We asked our readers what they believe creates a true, sustainable housing recovery. A staggering majority, 82%, agreed it is jobs.

Our poll closed just as the Bureau of Labor Statistics (BLS) released its much-anticipated November jobs report. The U.S. economy added 203,000 jobs in November, bringing the unemployment rate to a five-year low of 7%.

So is the housing recovery upon us? Perhaps not.

While this is indubitably good news, let’s take a closer look at the data before getting overwhelmed with exuberance. When considering the unemployment rate, one always needs to keep in mind the labor force participation rate to get the best picture of employment.

Currently, 63% of Americans are either working or looking for work. Excluding last month, this is the lowest labor force participation rate in over 35 years. Although more unemployed workers found jobs in November than they did in October, it remained the 43rd consecutive month in which more workers dropped out of the labor force than found jobs.

So while there is definitely cause for some optimism, we must keep in mind the gains we are witnessing are not yet part of a consistently rebounding labor market. Secular stagnation is on the lips of the world’s leading economists. This means years of bumpy plateau economic phenomena — one day we’re up, the next we’re down.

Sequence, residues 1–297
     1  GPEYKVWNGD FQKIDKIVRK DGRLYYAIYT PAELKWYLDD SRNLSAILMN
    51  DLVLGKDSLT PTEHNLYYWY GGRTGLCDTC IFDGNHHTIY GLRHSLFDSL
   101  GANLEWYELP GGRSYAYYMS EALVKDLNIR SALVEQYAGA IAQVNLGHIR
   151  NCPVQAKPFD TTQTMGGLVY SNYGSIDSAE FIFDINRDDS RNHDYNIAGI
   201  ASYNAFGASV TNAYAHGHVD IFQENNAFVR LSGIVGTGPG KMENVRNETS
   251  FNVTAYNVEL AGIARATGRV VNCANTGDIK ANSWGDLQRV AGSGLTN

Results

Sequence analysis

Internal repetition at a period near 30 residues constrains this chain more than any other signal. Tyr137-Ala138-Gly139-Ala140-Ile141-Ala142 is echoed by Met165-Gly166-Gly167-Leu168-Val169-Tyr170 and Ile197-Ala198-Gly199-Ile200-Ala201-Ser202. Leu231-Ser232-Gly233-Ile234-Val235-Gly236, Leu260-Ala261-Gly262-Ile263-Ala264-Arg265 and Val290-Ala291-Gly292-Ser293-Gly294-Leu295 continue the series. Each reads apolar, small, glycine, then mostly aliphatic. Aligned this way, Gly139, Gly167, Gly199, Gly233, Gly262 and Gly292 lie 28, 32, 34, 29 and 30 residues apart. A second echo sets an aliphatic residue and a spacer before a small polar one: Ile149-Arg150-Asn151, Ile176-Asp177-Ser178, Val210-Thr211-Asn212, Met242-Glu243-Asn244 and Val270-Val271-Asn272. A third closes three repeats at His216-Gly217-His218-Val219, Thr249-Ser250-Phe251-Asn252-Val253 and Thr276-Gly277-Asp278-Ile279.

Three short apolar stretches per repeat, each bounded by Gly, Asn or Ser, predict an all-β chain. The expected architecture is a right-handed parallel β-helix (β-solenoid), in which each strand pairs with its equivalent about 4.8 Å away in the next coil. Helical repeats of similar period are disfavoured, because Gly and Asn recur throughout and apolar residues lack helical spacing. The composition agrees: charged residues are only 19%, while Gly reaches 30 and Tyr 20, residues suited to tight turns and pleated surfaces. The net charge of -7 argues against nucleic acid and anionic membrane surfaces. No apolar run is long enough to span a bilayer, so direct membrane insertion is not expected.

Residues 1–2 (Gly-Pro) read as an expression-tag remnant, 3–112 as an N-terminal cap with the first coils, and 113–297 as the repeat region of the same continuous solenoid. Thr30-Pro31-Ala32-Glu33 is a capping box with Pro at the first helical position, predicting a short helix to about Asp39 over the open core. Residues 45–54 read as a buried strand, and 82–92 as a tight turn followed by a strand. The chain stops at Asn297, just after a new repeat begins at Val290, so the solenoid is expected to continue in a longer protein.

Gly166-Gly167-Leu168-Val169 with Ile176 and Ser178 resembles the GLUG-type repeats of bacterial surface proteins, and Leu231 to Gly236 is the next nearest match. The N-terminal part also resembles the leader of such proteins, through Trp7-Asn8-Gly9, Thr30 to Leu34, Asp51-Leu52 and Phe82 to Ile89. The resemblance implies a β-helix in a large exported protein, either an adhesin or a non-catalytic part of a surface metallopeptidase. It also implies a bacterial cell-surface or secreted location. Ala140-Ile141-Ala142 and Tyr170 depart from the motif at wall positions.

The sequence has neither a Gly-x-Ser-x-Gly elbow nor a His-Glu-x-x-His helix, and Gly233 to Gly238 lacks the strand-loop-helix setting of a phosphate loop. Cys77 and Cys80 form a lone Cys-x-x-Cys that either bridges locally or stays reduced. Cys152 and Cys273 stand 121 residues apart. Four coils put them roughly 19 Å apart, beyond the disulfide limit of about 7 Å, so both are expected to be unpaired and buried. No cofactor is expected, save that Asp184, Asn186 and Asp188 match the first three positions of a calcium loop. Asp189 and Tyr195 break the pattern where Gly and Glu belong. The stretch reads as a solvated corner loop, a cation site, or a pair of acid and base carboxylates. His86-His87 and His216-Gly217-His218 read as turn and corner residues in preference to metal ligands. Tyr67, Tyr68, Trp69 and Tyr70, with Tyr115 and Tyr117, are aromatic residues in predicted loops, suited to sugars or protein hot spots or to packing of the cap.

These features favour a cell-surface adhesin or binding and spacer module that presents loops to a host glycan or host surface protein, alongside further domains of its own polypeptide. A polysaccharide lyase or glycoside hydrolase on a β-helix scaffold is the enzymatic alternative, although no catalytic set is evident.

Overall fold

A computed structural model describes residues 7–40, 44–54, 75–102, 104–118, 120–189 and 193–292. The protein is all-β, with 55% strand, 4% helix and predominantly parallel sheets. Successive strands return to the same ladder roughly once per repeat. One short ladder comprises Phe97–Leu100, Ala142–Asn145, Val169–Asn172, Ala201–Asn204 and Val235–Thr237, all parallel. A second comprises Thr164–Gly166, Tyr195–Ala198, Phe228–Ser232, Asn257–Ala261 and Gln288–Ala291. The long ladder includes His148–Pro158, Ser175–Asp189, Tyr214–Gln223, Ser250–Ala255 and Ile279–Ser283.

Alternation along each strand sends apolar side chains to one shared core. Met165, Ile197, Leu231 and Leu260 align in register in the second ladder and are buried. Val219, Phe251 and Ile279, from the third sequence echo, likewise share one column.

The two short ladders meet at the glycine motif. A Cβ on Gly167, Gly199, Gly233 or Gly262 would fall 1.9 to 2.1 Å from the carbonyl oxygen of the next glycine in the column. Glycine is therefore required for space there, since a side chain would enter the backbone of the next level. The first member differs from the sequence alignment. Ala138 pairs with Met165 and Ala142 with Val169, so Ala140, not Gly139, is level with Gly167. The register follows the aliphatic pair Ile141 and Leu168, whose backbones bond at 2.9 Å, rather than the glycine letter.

Jobs are certainly the number one most important leading indicator of a real estate recovery. Right now, they are mirroring the behavior of real estate markets — schizophrenic, inconsistent and deceiving in appearance.

We cheer falling unemployment. In fact, it’s nothing short of a miracle considering the austerity imposed by our do-nothing Congress.

Data courtesy of the Wall Street Journal